The 18th Bach and Beyond concert, a Baroque music festival, commenced Friday night at the 1891 Fredonia Opera House. The crowd of classical enthusiasts listened as the music, performed by strings and woodwinds, filled the Opera House.
The Bach and Beyond music festival is comprised of Baroque music, with music performed in an ideal Victorian setting. This year, the program includes works from J.S. Bach, Handel, Telemann, and more. The program Friday night included a 21st century composition of Bach's VIIIth fugue, by artistic director and conductor, Grant Cooper.
Cooper has made public performances in Fredonia for five decades - beginning in his early 20s. He told the crowd during a conversation before the concert that the support he receives from the people of Fredonia is amazing, and he feels honored.
OBSERVER Photo by Justin Goetz
Violinist David Rose plays Contrapunctus VIII from Die Kunst der Fuge.
"In all truth, no other place on earth has been this supportive of me and my musical life, nor ever can be," Cooper stated in the program to the audience. "I am, and will forever remain, eternally grateful for this support."
Cooper also said that the goal of this year's festival is to present the extraordinary achievements of Bach. In doing so, he wants listeners to establish connections to modern-day music put out by composers with Bach's influential works, for Bach's art made music potent. It's the powerful music of Bach that has influenced Cooper as a composer and musician.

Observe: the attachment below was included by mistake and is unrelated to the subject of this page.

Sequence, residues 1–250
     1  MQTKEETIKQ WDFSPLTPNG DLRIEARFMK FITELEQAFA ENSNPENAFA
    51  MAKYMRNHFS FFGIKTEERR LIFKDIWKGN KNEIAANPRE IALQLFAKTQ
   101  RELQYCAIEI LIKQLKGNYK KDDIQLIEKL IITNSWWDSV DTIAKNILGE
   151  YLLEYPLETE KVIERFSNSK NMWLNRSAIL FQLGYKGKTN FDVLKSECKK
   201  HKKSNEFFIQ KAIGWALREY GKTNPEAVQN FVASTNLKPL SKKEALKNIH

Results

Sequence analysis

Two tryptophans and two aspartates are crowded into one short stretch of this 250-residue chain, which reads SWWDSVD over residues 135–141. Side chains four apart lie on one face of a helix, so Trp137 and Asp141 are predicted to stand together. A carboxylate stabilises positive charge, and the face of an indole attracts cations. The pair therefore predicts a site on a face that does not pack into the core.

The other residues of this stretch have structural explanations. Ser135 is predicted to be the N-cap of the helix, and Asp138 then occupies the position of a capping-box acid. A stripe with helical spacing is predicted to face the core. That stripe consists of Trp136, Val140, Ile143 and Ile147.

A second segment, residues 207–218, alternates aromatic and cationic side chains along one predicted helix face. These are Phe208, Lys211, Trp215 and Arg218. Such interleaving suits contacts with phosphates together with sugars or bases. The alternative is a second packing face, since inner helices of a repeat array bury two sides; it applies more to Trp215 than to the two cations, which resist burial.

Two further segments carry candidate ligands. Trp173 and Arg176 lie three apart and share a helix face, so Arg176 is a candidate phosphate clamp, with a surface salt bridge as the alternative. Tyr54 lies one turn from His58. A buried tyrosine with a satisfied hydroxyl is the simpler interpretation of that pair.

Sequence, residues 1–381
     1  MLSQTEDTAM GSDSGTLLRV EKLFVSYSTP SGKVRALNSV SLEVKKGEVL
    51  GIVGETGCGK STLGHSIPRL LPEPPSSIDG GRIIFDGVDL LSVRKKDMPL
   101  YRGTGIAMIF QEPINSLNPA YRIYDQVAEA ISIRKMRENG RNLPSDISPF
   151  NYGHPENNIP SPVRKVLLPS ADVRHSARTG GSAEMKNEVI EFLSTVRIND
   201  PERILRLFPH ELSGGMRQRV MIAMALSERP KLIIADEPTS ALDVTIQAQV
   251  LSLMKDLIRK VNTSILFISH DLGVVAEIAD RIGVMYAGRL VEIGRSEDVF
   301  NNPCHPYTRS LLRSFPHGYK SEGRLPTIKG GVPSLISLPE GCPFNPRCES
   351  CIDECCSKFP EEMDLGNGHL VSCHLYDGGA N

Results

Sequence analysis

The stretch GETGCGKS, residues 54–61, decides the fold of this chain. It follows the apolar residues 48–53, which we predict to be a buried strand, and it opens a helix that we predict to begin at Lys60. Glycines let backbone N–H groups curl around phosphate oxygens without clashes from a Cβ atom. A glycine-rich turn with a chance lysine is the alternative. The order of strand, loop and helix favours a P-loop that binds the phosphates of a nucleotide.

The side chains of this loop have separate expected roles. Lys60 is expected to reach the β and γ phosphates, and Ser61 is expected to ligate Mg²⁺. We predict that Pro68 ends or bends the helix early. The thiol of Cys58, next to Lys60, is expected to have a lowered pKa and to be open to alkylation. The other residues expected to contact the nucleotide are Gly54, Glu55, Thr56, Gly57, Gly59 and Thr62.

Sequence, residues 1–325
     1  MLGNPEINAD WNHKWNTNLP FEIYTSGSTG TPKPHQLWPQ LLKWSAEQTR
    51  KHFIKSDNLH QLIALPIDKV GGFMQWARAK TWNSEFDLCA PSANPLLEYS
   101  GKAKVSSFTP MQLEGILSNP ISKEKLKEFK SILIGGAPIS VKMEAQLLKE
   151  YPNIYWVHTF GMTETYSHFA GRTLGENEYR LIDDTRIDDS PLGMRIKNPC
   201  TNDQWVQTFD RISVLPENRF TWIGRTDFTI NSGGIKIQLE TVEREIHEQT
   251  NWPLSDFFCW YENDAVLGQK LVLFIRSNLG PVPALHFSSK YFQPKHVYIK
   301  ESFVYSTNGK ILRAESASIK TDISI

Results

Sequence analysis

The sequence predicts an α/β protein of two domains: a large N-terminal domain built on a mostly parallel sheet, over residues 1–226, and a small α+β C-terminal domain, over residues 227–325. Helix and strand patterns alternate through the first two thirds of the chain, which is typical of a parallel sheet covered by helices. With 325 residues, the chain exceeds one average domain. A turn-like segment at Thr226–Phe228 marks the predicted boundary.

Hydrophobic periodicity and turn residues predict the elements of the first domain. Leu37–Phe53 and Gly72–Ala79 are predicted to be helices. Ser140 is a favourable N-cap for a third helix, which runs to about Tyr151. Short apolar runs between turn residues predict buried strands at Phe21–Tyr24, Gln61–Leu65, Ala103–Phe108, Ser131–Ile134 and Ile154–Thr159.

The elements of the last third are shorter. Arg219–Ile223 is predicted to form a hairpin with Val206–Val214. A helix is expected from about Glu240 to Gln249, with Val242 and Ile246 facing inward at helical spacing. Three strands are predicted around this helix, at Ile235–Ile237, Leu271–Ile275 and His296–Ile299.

The performance during Friday night included many musicians, including soprano Janet Brown, violinists Julie Leven and Jennifer Wood, and young harpist Heidi Morey.
Morey, age 15, took stage after intermission with the rest of the musicians, and wowed the crowd in the performance of the "Concerto de Harp." Morey, from Morgantown, West Virginia, has played the harp since she was 9 years old. She has performed with many symphonies including the New Youth Symphony. She has also performed at the governor's mansion.
The concert concluded with Geminiani's, "La Follia," and after, the crowd gave all the performers a standing round of applause.
The 18th annual festival continues throughout the weekend with more music from the works of Bach, Telemann, and other composers. The events are made possible due to the support from organizations and individuals.
Before each concert will be a 30-minute discussion with maestro Grant Cooper. The conversation includes the themes of music being performed during the concert, specific instances within the performance to look for, and the connection between today's music and Bach. This conversation gives people the chance to ask Cooper questions, allowing them to gain insight and information into the music.
Comments on this article may be sent to firstname.lastname@example.org